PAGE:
NWTF's Alabama Chapter Releases Strategic Plan


Mar 11, 2001
Reaction score
NWTF's Alabama Chapter Releases Strategic Plan


EDGEFIELD, South Carolina -Last year, the National Wild Turkey Federation's Alabama State Chapter spent more than $50,000 to help purchase hunting land, another $17,000 on education and outreach programs and over $50,000 on habitat improvement. Now, the state chapter is unveiling a new strategic plan to help them do even more for conservation and upholding the state's hunting tradition.

"The Alabama State Chapter is dedicated to working for conservation and promoting the state's rich hunting tradition," said Chris Adams, NWTF's senior regional director in Alabama. "To help meet that mission, the state chapter has created the NWTF's Alabama Wild Turkey Strategic Plan, which is part of the larger North American Wild Turkey Management Plan."

The strategic plan lays out the state chapter's goals for habitat enhancement, strategies for improving hunter safety education and awareness, plans for improving hunter access and supporting NWTF's outreach programs.

"The state chapter is working hard to achieve these goals," said Joe Koloski, NWTF's regional biologist in Alabama. "For example, each year the state chapter designates 20 percent of their funds to land purchases to help ensure wild turkeys have an abundance of the habitat they need and hunters have plenty of access to pursue their passion."

Through its JAKES, Women in the Outdoors and Wheelin' Sportsmen outreach programs, the NWTF helps children, women, and people with disabilities across North America learn new outdoor skills.

"Our members believe it is critically important to look toward the future of North America's greatest game bird and work to ensure that future is bright," said Koloski. "Our chapter is dedicated to doing just that and the strategic plan will be a great tool to help achieve their goals."

The Alabama plan is part of the larger North American Wild Turkey Management Plan, a compilation of objectives covering the United States, all Canadian provinces home to wild turkeys and selected areas of Mexico.

The plans are being written on a national, regional and state-specific basis and will act as a road map to the help NWTF's dedicated volunteers work with wildlife management agencies to target the most important habitat needs in their areas.

"The plan will be dynamic and adaptable to balance the social needs of people with the biological needs of wildlife, and will provide accurate and relevant science-based support for wild turkey management," said Dr. James Earl Kennamer, NWTF's senior vice president for conservation programs. "It will serve as a guiding light for NWTF's volunteers and will help ensure their dollars are spent in ways that will get the greatest good by having the tools needed to make informed decisions when spending their hard-earned Hunting Heritage Super Fund dollars."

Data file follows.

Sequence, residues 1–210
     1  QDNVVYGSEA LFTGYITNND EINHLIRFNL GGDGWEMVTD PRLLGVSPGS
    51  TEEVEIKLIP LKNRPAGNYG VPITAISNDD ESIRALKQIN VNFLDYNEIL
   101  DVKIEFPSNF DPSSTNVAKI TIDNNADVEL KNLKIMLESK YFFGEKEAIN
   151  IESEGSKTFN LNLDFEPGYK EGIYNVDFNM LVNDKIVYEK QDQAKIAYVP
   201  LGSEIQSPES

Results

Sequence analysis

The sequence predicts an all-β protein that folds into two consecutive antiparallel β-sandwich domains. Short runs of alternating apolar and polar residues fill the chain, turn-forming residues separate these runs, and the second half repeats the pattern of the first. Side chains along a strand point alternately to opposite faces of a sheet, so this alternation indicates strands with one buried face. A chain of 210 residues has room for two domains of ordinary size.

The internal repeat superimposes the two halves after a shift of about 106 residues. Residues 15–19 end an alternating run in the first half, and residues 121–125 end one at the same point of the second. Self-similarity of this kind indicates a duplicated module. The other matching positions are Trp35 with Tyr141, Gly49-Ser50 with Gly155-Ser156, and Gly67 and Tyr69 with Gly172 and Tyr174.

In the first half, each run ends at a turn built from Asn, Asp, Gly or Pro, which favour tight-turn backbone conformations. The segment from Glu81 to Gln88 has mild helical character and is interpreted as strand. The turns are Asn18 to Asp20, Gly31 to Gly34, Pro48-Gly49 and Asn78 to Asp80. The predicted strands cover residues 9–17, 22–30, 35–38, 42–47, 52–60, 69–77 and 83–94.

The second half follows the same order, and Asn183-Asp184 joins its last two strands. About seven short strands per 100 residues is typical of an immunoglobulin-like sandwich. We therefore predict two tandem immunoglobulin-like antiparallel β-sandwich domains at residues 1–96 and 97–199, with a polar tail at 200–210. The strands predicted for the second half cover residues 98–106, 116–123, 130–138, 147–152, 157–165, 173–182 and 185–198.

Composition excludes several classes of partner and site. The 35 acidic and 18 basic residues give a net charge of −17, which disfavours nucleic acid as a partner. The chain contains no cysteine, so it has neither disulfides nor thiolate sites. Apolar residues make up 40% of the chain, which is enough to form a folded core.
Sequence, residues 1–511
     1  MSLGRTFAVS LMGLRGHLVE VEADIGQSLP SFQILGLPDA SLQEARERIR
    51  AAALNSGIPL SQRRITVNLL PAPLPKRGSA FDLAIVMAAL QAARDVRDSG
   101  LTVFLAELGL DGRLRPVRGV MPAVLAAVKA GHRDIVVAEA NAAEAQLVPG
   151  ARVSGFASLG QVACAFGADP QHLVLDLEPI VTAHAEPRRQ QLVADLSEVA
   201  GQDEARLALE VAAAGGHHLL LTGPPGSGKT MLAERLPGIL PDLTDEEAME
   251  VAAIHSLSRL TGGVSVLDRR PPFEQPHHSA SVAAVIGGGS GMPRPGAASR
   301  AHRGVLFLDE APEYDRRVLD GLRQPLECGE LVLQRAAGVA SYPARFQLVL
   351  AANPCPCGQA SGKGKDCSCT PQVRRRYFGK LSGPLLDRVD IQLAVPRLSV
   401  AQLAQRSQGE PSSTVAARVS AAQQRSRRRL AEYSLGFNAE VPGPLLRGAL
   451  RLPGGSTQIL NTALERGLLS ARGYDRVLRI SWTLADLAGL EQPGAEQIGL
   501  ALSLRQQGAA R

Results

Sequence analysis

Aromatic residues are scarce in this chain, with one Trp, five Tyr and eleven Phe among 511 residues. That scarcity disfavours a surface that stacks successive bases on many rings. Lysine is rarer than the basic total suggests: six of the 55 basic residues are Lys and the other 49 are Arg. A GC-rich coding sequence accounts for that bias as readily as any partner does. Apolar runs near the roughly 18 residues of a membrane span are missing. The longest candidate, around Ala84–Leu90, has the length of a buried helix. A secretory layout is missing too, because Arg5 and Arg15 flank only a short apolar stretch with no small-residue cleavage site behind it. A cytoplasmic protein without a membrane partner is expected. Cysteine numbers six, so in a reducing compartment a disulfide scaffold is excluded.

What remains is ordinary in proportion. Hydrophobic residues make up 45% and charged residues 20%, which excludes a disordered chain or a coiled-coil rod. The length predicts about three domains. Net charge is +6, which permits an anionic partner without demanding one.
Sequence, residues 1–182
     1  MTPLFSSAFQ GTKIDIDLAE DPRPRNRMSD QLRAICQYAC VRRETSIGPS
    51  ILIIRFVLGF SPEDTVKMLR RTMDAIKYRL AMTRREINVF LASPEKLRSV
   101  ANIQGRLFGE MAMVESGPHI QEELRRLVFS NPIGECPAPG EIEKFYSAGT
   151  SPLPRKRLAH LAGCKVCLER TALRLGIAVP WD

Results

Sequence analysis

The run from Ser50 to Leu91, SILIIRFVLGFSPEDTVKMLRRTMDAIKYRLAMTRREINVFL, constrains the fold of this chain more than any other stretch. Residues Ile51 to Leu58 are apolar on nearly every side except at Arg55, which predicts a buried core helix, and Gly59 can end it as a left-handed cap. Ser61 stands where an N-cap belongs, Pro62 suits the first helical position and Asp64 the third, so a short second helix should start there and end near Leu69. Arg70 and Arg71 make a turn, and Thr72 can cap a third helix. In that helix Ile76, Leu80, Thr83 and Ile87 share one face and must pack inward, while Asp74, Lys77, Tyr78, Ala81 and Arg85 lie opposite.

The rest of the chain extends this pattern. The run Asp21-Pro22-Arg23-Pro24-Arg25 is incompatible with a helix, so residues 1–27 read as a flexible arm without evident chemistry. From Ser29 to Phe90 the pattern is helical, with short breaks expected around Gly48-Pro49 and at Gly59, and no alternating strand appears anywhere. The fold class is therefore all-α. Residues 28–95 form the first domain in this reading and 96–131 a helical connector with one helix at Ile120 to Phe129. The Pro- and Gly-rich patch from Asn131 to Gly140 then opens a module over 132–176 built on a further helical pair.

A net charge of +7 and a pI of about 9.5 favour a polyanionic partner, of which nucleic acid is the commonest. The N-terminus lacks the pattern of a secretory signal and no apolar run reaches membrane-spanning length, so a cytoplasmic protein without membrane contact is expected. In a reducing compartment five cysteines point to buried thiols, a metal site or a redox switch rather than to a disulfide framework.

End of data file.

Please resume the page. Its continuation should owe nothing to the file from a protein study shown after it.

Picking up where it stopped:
According to NWTF's NAWTMP Coordinator Mark Hatfield, working with non-government organizations, government agencies, corporations and other partners in conservation gives NWTF volunteers key opportunities not only to strengthen and improve habitat, but also to forge the relationships needed for across-the-board cooperation.

"Today, the cost of even the smallest habitat project requires the resources of multiple partners whose very influence could have far-reaching effects on wild turkeys," said Hatfield. "For example, partnering with those who are improving habitat for the red cockaded woodpecker in Alabama, which is a threatened species, also improves wild turkey habitat. By working together, project partners can leverage Hunting Heritage Super Fund expenditures with Endangered Species Act dollars to do far more work than either group could have alone."

The NWTF will continue to work with state wildlife agencies, the USDA's Forest Service and Natural Resources Conservation Service, the U.S. Department of Interior's Bureau of Land Management, U.S. Fish and Wildlife Service and numerous other partners to maintain critical habitat on millions of acres of public and private properties across North America for a multitude of species.

"The NWTF's long-term relationships with these partners were key to the restoration of the wild turkey across the U.S., and having them on board is a blessing for the wild turkey's future," Kennamer said.

For more information about the NWTF's Alabama Wild Turkey Strategic Plan call Brian Dowler at (803) 637-3106.

Media Contact:
Brian Dowler at (803) 637-3106

Top Bottom